Private and parochial schools, many of which are taking part in Louisiana’s expanded voucher program, should be subject to closer scrutiny before they get the state’s stamp of approval, state Superintendent of Education John White said Tuesday.
“We are investing more public dollars in nonpublic schools,” White said.
“It is important that we take a look at the quality and make sure we are achieving our mandates, which is that these schools be of an equal quality to that of the traditional public school system,” he said.
The proposed new rules will be presented to the state Board of Elementary and Secondary Education next month.
If approved, they could take effect later this year.
The new rigor stems in part from controversy earlier this year, much of it directed at White’s agency, on the curriculum and facilities of some state-approved, nonpublic schools that offered to take part in the state’s expanded voucher program.
Under a law approved earlier this year, students who attend public schools rated C, D or F can quality for state aid — often called vouchers — to attend private and parochial schools if their families meet income rules.
The state offered vouchers to about 5,600 students earlier this year.
About 120 private and parochial schools are collecting an average of $5,300 per student, with state tax dollars paying for voucher students.
Opponents of the new law, who have challenged the measure in the 19th Judicial District Court in Baton Rouge, contend that vouchers drain vital resources from traditional public schools.
However, the quality of some of the schools that offered slots to voucher students sparked concerns from lawmakers and others, including just how they earned the state’s seal of approval.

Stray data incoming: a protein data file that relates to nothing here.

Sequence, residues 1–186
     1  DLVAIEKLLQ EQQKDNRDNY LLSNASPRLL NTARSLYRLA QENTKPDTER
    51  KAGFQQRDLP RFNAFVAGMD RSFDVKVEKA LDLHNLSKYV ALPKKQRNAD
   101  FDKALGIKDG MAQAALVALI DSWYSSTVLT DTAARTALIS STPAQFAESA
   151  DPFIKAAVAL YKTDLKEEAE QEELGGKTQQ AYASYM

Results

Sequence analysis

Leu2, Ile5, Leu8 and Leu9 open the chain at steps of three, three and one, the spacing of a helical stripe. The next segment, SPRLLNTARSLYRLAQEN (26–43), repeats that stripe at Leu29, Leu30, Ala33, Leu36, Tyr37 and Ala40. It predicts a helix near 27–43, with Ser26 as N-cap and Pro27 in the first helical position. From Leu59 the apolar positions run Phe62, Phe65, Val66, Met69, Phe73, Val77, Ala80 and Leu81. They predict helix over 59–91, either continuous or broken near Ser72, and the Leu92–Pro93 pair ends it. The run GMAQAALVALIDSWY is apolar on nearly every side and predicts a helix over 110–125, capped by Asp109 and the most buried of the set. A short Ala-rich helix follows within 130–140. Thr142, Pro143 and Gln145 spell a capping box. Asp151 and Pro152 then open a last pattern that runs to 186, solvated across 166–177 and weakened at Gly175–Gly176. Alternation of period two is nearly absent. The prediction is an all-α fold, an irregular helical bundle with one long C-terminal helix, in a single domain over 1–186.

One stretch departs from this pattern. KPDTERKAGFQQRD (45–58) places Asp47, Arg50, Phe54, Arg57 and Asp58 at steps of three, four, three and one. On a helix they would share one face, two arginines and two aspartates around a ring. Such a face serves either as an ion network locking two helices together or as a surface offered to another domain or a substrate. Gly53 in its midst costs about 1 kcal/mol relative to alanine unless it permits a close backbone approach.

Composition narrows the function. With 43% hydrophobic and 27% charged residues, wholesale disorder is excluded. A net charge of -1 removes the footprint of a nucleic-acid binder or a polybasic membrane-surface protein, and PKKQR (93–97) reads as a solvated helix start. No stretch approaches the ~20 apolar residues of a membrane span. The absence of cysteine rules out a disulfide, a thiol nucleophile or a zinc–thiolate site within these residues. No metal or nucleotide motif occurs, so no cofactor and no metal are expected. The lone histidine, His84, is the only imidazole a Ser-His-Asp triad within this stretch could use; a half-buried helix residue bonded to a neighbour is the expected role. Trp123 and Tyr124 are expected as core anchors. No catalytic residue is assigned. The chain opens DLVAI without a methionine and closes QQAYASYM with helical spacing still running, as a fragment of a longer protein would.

One such school, Eternity Christian Academy in Westlake, will not take part after state officials said it lacked adequate space to go from 38 students last year to 135 voucher students this year.
Another school that drew attention, BeauVer Christian Academy, which is in DeRidder, lacked adequate space to go from 60 students last year to 119 voucher students this year, state officials said.
The state has about 400 private and parochial schools.
Under current review standards — sort of a one-size-fits-all system — those schools have to offer a curriculum similar to public schools to land state approval.
White said today’s review “focuses more on the credentials of the individuals who are in the classroom.
“This is going to focus more on how those individuals are evaluated to the quality of their work rather than simply on a credential they bring to the job,” White said.
In addition, the state’s annual check is supposed to be tailored to the school, including its enrollment and other issues.
Under the new review system, most private and parochial schools would fill out of an annual, online disclosure form that is supposed to spell out the school’s purpose, leadership, teaching methods and effectiveness, accountability and improvement plans.
White said if red flags go off, state officials will visit the school.
He said those that undergo independent accreditations would face less-stringent state reviews. So would nonpublic schools with fewer than 40 students that do not offer high school diplomas or accept voucher students.
White spelled out his plan to the 10-member Nonpublic School Council, which is an advisory panel.
Carolyn Hill, a BESE member who lives in Baton Rouge, attended the meeting and said she is concerned about a half-a-dozen or so schools awaiting approval under the state’s current system.
Hill said the state’s OK is especially needed for schools with seniors who need approval for their school so the students can qualify for TOPS, a scholarship for college students. “They worked so hard to get where they are,” she told White.
“And then we say you will not be approved,” Hill said. “I don’t think that is fair.”
White said the state routinely acts to ensure that schools have the credentials needed for students to qualify for TOPS.
Mary-Patricia Wray, legislative and political director for the Louisiana Federation of Teachers, attended the meeting and said afterward that she wants to hear more details of the new review system.
“I guess we are hopeful that the new procedures for approving schools will not be in some ways less strict than the rules that are in place right now,” Wray said.